What does it mean to love? Biblical love is a self-sacrificing, caring commitment that seeks the highest good of the one loved. At its heart, love is a commitment that is not without feeling; it is a caring commitment. In other words, biblical love involves delight, not just duty. Also, this caring commitment is not just an attitude, but an action; it shows itself in deeds. Those deeds often require self-sacrifice, seen supremely in Jesus’ death on the cross. The goal of this commitment is the highest good of the one loved. Let us look at Jesus our master and ask his grace to imitate him in love. For, he loved us even at the cost of giving up his life on the cross.

Responsorial Psalm: All nations on earth shall fall prostrate before you, O Lord.

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5th January 2021

Amazon.com: Jesus Christ Shepherd with Lambs Religious Wall Picture 8x10  Art Print: Posters & Prints



1 Jn 4: 7-10;

Ps 72: 1-4, 7-8;

Mk 6: 34-44

After the solemnity of the Epiphany, the Church’s liturgy continues to reveal different facets of Jesus’ mission and divinity to us. In response to the failure of the shepherds of Israel, God had promised through Ezekiel that he himself would look after his sheep and appoint a shepherd to pasture them. Sheep without a shepherd cannot find their way. They cannot lead themselves. Such a situation makes them weak and defenceless against dangers and threats. Jesus’ teaching ministry is focused on addressing this need of the people, instructing them on the way that leads to life. His very presence is their security. The shepherd is also responsible for feeding his sheep and Jesus faithfully accomplishes this too.

Today’s Gospel portrays Jesus as the promised shepherd of God, carrying out his responsibility of guiding, protecting and feeding his flock. It also brings to mind the celebration of the Eucharist where we are instructed through the Word of God and fed with the Bread of Life. Over the last year, not all of us have been fortunate to participate in the Eucharist. Has the Good Shepherd forgotten to feed us? However, we must ask ourselves; do we really ‘hunger’ for him like those in the Gospel? In his presence, they forgot about their need for material food; in fact, they didn’t even bother about it. Anticipating where he would be, they had run ahead to meet him. All they wanted was to be with Jesus and to listen to him. They had chosen the one thing necessary (cf. Lk 10:42). And in response, Jesus provides all the rest (cf. Mt 6:33).

This time of the ‘divinely-imposed’ Eucharistic fast is the lonely place we have been drawn into, to check if we truly desire Christ or are following empty dreams. Even though he may seem absent, he will not allow us to perish. We already know this as during this time, we have not been deprived of the sustenance provided through the Word of God.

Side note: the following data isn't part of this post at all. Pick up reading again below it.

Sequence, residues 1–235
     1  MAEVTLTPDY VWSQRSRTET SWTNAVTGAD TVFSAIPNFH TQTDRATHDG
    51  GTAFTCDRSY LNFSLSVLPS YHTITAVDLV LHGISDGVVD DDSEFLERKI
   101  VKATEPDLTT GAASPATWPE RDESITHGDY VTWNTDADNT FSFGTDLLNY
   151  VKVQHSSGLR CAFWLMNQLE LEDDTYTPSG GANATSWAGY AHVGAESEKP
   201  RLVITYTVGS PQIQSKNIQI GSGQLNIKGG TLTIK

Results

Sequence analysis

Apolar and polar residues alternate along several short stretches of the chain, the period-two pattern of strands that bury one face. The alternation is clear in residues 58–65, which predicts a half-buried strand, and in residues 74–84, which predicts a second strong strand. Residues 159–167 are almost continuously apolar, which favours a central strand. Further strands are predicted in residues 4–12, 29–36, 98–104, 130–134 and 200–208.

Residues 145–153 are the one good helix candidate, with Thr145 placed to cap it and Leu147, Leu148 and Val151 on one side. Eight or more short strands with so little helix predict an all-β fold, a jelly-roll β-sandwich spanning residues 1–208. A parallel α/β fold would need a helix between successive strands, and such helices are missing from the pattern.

Responsorial Psalm: All nations on earth shall fall prostrate before you, O Lord.

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4th January 2021



1 Jn 3: 22-24; 4: 1-6;

Ps 2: 7-8, 10-11;

Mt 4: 12-17, 23-25

We have been taught that God dwells within our hearts. But in what way? St John of the Cross enumerates three ways in which God is present in the soul”

  • Presence by Essence: In this way God is present in all creatures at all times giving them life and being.
  • Presence by Grace: God dwells in the soul that he is pleased and satisfied with. The soul cannot know if it has this presence. Those who commit mortal sin lose this presence.
  • Presence by Spiritual Affection: God grants his spiritual presence to devout souls, refreshing and gladdening them.

How wonderful it is to experience this in-dwelling presence of God (by spiritual affection) within! What must we to do in order to encounter God dwelling within us? St John, in the first reading today, gives us the answer. He tells us that those who keep the commandments of God abide in him and he abides in them. Which are the commandments of God that we are to keep? St John enlists just two:

  • To believe in Jesus: Believing in Jesus implies having trust and confidence in him. It involves a complete self-surrender in faith to God who will never abandon us and who knows what is best for us. It is the joyful acceptance of his will in our daily life.
  • To love one another as he loves us: Jesus loves us unconditionally and he wants us to love our brothers and sisters in the same way. This involves accepting them as they are without judging or criticizing them. This love demands self-sacrifice and generosity.

Jesus himself assures us that whoever loves him by keeping his commandments will be loved by the Father, and the Father and the Son will come and make their dwelling within that person. (cf. Jn 14:21,23). May our hearts be transformed into worthy dwelling places for God.

Responsorial Psalm: I will give you the nations as your inheritance